Why You Don’t Need Milk
After infancy, you don’t need milk. It’s a simple fact. Milk is a substance produced by mammals to nourish their newborn babies. Baby mammals — including humans — depend on milk until their digestive systems have had enough time to mature and allow them to eat solid food.
After they begin eating solid food, the animals don’t go back to drinking milk. That is, of course, unless they’re human. Some human adults — a minority of the world’s population — drink milk from cows, goats, and other large mammals.
Any health-supporting diet takes care and planning, whether or not it includes dairy products. Still, it’s reassuring to know that there’s no requirement for you to drink milk to be healthy.
If you don’t drink milk or consume other dairy products, where do you get your calcium, vitamin D, riboflavin, and other nutrients typically associated with these products? It’s one of the first questions your friends and family will ask you if you tell them you’re going dairy-free. Rest assured that these nutrients are widely available in many other health-supporting foods. You probably already enjoy some of them.
You can find calcium in navy bean soup, almonds, fortified orange juice, and cooked kale. Sunshine is nature’s natural source of vitamin D, though you also can get it in eggs and certain kinds of fish. Riboflavin and other vitamins, as well as all the minerals and other substances you need for good health, are widespread in other foods, too, including a range of fruits, vegetables, beans and peas, seeds, nuts, and whole grains. These are the healthiest foods you can possibly eat.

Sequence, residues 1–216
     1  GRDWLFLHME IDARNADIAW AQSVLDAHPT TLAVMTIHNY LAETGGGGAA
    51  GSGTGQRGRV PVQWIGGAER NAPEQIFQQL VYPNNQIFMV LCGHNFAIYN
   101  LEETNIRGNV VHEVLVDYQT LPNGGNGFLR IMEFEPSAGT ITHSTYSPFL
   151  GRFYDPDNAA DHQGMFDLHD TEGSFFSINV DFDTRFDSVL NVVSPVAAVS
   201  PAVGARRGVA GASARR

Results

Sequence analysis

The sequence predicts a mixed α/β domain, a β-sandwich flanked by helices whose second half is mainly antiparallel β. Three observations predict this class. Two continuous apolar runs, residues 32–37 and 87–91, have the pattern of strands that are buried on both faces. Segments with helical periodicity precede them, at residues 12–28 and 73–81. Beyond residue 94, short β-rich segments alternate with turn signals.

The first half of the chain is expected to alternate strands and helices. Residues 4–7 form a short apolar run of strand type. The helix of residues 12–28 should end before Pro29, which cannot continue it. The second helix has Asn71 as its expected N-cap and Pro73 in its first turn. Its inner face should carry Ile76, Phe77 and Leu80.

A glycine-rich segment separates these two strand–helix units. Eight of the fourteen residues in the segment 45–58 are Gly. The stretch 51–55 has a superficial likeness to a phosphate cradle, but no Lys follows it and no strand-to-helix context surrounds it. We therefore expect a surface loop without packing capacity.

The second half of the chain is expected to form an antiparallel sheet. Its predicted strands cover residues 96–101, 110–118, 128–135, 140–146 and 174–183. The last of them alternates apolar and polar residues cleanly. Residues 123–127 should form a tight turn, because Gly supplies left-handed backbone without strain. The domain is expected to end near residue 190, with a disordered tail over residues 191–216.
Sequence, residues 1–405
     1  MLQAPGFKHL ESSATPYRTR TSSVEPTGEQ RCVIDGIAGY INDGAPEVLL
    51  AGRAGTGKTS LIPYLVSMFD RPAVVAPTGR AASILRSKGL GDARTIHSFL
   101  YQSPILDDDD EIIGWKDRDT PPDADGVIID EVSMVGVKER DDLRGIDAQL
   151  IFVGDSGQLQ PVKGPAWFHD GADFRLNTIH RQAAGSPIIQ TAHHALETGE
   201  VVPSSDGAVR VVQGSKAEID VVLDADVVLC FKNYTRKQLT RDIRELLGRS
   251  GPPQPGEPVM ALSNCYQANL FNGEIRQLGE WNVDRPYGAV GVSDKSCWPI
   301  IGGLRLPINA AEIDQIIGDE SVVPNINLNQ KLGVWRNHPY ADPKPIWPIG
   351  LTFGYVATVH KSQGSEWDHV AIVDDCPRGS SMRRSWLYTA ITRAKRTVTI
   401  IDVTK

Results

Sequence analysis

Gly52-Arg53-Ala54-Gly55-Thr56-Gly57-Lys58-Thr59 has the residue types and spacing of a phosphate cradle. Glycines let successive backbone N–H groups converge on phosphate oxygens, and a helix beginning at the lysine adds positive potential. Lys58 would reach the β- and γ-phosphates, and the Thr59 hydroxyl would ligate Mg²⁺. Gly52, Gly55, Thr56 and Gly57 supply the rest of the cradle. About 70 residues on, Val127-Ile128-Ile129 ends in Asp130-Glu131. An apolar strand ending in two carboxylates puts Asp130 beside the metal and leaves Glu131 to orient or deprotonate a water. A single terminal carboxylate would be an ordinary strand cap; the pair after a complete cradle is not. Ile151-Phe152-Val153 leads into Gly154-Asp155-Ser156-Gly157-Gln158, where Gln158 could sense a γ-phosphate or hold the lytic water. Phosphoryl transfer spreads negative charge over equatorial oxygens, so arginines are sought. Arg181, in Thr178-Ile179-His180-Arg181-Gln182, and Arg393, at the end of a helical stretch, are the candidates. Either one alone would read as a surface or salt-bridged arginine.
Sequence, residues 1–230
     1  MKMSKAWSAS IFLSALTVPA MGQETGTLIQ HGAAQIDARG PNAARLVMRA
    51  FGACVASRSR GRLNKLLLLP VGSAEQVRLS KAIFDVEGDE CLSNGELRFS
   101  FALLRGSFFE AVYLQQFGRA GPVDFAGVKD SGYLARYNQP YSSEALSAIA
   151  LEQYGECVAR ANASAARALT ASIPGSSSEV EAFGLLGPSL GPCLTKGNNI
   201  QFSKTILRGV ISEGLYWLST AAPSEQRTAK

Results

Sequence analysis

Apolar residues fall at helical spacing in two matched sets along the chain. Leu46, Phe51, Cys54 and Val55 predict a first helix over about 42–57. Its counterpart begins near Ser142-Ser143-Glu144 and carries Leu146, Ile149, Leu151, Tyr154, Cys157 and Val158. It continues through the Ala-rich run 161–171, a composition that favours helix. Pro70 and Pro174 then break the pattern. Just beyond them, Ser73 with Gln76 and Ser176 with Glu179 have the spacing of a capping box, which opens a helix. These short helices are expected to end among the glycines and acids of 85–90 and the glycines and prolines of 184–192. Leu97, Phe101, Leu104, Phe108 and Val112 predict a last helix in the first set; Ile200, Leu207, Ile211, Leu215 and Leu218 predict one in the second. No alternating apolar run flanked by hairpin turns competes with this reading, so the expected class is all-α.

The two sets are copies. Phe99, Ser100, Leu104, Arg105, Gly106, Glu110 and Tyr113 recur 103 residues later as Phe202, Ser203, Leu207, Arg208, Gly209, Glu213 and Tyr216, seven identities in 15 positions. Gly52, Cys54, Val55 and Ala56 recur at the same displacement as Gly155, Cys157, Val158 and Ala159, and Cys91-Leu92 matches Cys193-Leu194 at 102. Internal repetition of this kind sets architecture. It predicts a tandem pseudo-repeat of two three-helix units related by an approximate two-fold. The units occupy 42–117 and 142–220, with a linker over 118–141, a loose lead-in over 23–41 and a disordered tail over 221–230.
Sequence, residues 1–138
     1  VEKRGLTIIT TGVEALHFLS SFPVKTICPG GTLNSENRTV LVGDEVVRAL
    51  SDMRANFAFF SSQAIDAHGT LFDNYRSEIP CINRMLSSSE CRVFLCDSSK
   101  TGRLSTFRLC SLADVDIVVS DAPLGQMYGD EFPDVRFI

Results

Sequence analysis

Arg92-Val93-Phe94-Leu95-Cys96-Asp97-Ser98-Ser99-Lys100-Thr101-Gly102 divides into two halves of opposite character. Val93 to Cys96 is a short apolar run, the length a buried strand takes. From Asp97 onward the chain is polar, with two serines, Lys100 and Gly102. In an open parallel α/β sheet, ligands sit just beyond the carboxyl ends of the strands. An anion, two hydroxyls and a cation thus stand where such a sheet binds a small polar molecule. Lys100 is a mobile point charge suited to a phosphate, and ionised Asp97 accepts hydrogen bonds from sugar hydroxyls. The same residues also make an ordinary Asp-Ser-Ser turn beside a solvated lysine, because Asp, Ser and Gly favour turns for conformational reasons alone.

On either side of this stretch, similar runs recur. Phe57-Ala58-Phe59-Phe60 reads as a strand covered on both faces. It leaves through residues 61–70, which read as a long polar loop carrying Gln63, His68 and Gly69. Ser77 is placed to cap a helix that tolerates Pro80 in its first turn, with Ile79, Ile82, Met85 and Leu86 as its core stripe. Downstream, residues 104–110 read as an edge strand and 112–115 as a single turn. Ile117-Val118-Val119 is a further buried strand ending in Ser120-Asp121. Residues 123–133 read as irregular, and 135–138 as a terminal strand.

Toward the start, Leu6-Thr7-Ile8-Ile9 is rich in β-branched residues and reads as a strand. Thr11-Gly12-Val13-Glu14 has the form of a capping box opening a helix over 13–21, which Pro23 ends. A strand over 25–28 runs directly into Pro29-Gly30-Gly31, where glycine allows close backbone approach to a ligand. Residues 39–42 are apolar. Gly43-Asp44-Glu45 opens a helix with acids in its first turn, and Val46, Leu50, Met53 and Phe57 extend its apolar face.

You can find plenty of nutrients in foods that may be new to you, too. If you don’t mind experimenting a bit, some of these products may become new favorites. Examples include soymilk, almond milk, rice milk, nondairy cheese, soy yogurt, and other nondairy products. Most of them taste great and work in recipes in much the same way that cow’s milk and traditional dairy products do.